Full FINA Champions Series results are here.

In other events Saturday, Jacob Pebley scored a rare win over Olympic champion Ryan Murphy in the 200m backstroke. Pebley, who took second to Murphy at nationals in 2016, 2017 and 2018, touched in 1:56.35 and .16 ahead of Murphy. Russian Yevgeny Rylov, who was not in Indianapolis, remains far and away the fastest in the world this year at 1:54.00.

Hali Flickinger swam the world’s fastest 200m butterfly of 2019, a 2:06.40 to crush Katinka Hosszu by 1.47 seconds. Flickinger was seventh in Rio and missed the 2017 World final, but she was second-fastest in the world in 2018 and appears destined for her first individual medal next month.

The U.S. last put a woman on the Olympic 200m fly podium in 2000 (Misty Hyman, gold) and last had a world champion in 1991 (Summer Sanders), its longest droughts for any pool event in both respects.

Hosszu was later scared in one of her trademark events, the 200m individual medley. The Olympic and world champion made up a 1.29-second deficit to Canadian Sydney Pickrem in the last 50 meters of freestyle. Hosszu’s time, 2:08.50, is the world’s fastest in 2019. Hosszu will try to sweep the IMs at a fourth straight worlds next month.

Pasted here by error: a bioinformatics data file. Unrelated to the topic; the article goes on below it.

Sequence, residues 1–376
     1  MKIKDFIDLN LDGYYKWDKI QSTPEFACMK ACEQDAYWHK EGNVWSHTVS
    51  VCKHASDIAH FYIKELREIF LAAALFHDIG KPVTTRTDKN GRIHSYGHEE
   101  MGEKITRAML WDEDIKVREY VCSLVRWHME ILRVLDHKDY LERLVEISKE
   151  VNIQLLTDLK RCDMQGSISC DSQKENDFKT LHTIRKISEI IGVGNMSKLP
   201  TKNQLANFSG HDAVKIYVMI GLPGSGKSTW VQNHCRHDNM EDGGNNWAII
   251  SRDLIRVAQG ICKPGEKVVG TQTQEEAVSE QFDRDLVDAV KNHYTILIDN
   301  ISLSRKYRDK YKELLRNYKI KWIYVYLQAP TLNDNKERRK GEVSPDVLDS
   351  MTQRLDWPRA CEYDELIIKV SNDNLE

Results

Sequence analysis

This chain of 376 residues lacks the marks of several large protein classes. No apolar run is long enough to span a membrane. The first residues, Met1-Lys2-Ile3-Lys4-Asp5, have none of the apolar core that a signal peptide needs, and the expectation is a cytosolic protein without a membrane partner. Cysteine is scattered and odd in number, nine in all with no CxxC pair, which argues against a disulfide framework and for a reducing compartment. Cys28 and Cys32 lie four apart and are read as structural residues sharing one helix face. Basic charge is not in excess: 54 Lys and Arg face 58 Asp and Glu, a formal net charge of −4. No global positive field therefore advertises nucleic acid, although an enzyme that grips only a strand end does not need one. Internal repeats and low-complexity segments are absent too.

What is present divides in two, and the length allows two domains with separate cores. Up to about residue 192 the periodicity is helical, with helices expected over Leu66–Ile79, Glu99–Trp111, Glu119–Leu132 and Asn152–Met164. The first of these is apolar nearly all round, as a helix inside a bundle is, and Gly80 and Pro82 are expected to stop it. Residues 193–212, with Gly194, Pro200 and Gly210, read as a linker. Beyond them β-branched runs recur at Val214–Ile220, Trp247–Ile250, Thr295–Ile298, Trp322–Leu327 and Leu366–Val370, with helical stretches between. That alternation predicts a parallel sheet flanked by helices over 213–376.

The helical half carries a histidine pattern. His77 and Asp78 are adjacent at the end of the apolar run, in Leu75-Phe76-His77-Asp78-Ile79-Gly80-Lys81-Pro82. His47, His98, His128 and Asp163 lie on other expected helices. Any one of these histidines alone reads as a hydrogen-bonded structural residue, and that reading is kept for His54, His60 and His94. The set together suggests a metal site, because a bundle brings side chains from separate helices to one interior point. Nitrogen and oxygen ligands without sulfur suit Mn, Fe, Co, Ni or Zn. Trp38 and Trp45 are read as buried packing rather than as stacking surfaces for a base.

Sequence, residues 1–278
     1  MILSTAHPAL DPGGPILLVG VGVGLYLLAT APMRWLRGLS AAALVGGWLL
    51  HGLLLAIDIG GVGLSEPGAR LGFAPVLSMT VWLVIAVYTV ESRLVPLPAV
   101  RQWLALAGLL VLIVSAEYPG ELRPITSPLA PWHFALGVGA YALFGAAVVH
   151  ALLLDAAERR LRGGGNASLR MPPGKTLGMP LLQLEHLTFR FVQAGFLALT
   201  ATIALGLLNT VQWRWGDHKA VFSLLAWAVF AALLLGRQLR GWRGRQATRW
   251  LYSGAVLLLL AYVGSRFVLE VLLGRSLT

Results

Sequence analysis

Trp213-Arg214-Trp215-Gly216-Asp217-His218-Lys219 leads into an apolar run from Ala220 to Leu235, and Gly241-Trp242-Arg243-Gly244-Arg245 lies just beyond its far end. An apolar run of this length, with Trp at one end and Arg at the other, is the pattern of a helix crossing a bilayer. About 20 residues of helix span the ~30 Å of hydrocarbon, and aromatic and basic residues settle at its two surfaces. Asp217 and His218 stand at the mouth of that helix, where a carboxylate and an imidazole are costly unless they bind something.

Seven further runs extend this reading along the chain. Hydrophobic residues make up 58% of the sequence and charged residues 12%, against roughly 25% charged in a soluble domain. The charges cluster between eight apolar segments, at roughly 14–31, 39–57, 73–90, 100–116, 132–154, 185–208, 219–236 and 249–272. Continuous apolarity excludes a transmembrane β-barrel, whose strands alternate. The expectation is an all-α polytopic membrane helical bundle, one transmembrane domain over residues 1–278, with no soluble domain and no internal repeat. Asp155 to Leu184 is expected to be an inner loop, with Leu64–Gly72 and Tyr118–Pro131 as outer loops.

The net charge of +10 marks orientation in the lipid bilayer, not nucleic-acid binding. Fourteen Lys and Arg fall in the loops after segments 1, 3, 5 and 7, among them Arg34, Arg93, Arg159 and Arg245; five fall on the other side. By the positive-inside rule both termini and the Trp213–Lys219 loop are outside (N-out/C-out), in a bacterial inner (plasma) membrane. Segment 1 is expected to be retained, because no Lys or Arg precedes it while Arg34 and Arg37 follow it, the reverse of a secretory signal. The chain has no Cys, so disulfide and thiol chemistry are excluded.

Dane Pernille Blume won a loaded women’s 50m freestyle. The Rio Olympic champion finished in 24.08, topping world-record holder Sarah Sjöström (24.18) and London Olympic champion Ranomi Kromowidjojo (24.56). Sjöström remains fastest in the world this year with a 23.91.

Russian Anton Chupkov prevailed in a rematch of the 2016 Olympic medalists in the 200m breast. He clocked 2:08.98, which was 1.04 seconds faster than surprise Rio gold medalist Dmitriy Balandin of Kazakhstan and 2.81 better than Josh Prenot. Chupkov has been the fastest in the world this year and last year.

The Tyr Pro Swim Series resumes with the last meet before worlds in two weeks in Clovis, Calif.